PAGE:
Washington, D.C.; August 26, 2021: The Supreme Court today reinstated a district court decision holding the Centers for Disease Control and Prevention’s nationwide eviction moratorium unlawful. In Alabama Association of Realtors v. Department of Health and Human Services, the Court made clear that the CDC had far exceeded the authority Congress granted it in a 1944 statute that allows the agency to control the spread of disease across state lines.

“Today the Supreme Court confirmed what landlords have been arguing for nearly a year: that the CDC does not have the breathtaking power to ban evictions nationwide,” said Steve Simpson, a senior attorney at Pacific Legal Foundation, which represents landlords in several challenges to the eviction moratorium. “Laws that burden one group with the obligation to house people during a pandemic have no place in a free society. But if we are going to have laws like that, our Constitution requires that they come from Congress, not unelected bureaucrats.”

“It strains credulity to believe that this statute grants the CDC the sweeping authority that it asserts,” stated the Court’s six-justice majority. “[T]he Government’s read of [the law] would give the CDC a breathtaking amount of authority. It is hard to see what measures this interpretation would place outside the CDC’s reach.”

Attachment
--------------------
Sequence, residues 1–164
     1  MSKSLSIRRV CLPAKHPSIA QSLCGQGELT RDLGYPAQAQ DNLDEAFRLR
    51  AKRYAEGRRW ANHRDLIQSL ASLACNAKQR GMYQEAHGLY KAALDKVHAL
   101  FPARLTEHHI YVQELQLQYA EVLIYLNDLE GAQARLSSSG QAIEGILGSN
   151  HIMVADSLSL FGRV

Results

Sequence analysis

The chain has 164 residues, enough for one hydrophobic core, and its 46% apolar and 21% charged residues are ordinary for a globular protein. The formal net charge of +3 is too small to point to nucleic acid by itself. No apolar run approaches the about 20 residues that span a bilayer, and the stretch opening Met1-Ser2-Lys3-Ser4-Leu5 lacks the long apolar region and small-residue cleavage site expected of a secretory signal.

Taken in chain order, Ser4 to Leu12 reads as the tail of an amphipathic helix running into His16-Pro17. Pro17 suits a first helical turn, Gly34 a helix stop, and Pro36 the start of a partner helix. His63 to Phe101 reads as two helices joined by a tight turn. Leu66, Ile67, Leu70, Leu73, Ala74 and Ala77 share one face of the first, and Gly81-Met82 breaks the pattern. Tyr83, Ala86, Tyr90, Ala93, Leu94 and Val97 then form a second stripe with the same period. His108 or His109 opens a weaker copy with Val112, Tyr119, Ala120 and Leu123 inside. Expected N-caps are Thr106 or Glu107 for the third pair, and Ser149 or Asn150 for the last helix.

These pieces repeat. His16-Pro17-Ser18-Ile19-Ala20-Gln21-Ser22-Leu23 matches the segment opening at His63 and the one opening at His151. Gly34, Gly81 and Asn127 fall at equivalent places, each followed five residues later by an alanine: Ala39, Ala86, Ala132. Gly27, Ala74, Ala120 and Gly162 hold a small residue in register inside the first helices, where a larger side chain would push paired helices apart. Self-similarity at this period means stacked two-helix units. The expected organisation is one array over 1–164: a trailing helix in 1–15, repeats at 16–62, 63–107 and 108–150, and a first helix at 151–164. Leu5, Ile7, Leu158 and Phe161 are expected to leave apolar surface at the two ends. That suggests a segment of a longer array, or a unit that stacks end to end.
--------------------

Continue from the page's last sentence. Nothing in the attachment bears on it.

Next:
Pacific Legal Foundation filed two lawsuits against the CDC moratorium on behalf of landlords who argue that the moratorium violates the Constitution’s separation of powers by circumventing Congress. One, Skyworks v. CDC, was the first lawsuit in the nation in which a court ruled that the CDC lacked statutory authority to enact the eviction ban.


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About Pacific Legal Foundation

Pacific Legal Foundation is a national nonprofit law firm that defends Americans threatened by government overreach and abuse. Since our founding in 1973, we challenge the government when it violates individual liberty and constitutional rights. With active cases in 34 states plus Washington, D.C., PLF represents clients in state and federal courts, with 18 wins of 20 cases litigated at the U.S. Supreme Court.

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